(4/36) Functional involvement of sulphonylurea receptor (SUR) type 1 and 2B in the activity of pig urethral ATP-sensitive K+ channels.
(1) We have investigated the possible roles of sulphonylurea receptor (SUR) type 1 and 2B in the activity of pig urethral ATP-sensitive K(+) channels (K(ATP) channels) by use of patch-clamp and reverse transcriptase-polymerase chain reaction (RT-PCR) techniques. (2) In voltage-clamp experiments, not only diazoxide, a SUR1 and weak SUR2B activator, but also pinacidil, a selective SUR2 activator, caused an inward current at a holding potential of -50 mV in symmetrical 140 mM K(+) conditions. (3) Gliclazide (=1 micro M), a selective SUR1 blocker, inhibited the 10 micro M pinacidil-induced currents (K(i)=177 micro M) and the 500 micro M diazoxide-induced currents (high-affinity site, K(i1)=5 nM; low-affinity site, K(i2)=108 micro M) at -50 mV. (4) Application of tolbutamide (=100 micro M) reversibly caused an inhibition of the 500 micro M diazoxide-induced current at -50 mV. (5) MCC-134, a SUR type-specific K(ATP) channel regulator (1-100 micro M), produced a concentration-dependent inward K(+) current, which was suppressed by the application of glibenclamide at -50 mV. The amplitude of the MCC-134 (100 micro M)-induced current was approximately 50% of that of the 100 micro M pinacidil-induced currents. (6) Using cell-attached configuration, MCC-134 activated a glibenclamide-sensitive K(ATP) channel which was also activated by pinacidil. (7) RT-PCR analysis demonstrated the presence of SUR1 and SUR2B transcripts in pig urethra. 8 These results indicate that both SUR1 and SUR2B subunits play a functional role in regulating the activity of pig urethral K(ATP) channels and that SUR1 contributes less than 25% to total K(ATP) currents. (+info)
(5/36) MCC-134, a blocker of mitochondrial and opener of sarcolemmal ATP-sensitive K+ channels, abrogates cardioprotective effects of chronic hypoxia.
We examined the effect of MCC-134, a novel inhibitor of mitochondrial ATP-sensitive K(+) (mitoK(ATP)) channels and activator of sarcolemmal ATP-sensitive K(+) (sarcK(ATP)) channels, on cardioprotection conferred by adaptation to chronic hypoxia. Adult male Wistar rats were exposed to intermittent hypobaric hypoxia (7000 m, 8 h/day, 5-6 weeks) and susceptibility of their hearts to ventricular arrhythmias and myocardial infarction was evaluated in anesthetized open-chest animals subjected to 20-min coronary artery occlusion and 3-h reperfusion on the day after the last hypoxic exposure. MCC-134 was administered intravenously 10 min before ischemia and 5 min before reperfusion in a total dose of 0.3 mg/kg or 3 mg/kg divided into two equal boluses. The infarct size (tetrazolium staining) was reduced from 59.2+/-4.4 % of the area at risk in normoxic controls to 43.2+/-3.3 % in the chronically hypoxic group. Chronic hypoxia decreased the reperfusion arrhythmia score from 2.4+/-0.5 in normoxic animals to 0.7+/-0.5. Both doses of MCC-134 completely abolished the antiarrhythmic protection (score 2.4+/-0.7 and 2.5+/-0.5, respectively) but only the high dose blocked the infarct size-limiting effect of chronic hypoxia (54.2+/-3.7 %). MCC-134 had no effect in the normoxic group. These results support the view that the opening of mitoKATP channels but not sarcKATP channels plays a crucial role in the mechanism by which chronic hypoxia improves cardiac tolerance to ischemia/reperfusion injury. (+info)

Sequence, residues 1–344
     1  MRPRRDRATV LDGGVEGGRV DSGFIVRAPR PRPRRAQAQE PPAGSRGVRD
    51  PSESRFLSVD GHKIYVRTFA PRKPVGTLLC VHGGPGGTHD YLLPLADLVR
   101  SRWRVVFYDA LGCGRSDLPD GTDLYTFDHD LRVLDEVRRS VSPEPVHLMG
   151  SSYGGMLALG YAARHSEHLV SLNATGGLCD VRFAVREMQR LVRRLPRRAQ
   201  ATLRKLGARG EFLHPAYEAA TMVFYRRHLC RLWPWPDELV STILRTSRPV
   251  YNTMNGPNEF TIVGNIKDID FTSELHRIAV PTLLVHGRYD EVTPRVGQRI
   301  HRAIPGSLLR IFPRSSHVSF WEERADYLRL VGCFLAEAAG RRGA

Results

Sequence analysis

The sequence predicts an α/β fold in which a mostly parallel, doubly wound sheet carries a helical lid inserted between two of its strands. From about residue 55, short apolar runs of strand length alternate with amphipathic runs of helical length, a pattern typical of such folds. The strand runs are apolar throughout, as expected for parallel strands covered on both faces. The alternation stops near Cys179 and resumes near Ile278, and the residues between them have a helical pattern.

(6/36) Designing amino acid residues with single-conformations.
Drug design can benefit from the use of non-coded amino acids, such as alpha-amino isobutyric acids (Aib) or sarcosine (N-methyl-glycine). Non-coded amino acids can confer resistance to enzymatic degradation and increase the conformational stability of the peptides. We have simulated the conformational effects of combining N-methylation, bulky groups on the Calpha atom and/or thioamides using the class II CFF91 force field and our thioamide force field parameters. Although single amino acid substitutions (e.g. Aib) can restrict the available conformations, they do not necessarily lead to unique conformers, however, we predict that some of the amino acids described in this report will fold to a single phi, psi conformation (e.g. N-methylated and thioamide penicillamine). Several other amino acid/thiopeptide combinations were designed, which are predicted to prefer only two conformations. Novel amino acids of this type should prove useful for designing peptides with defined conformations. (+info)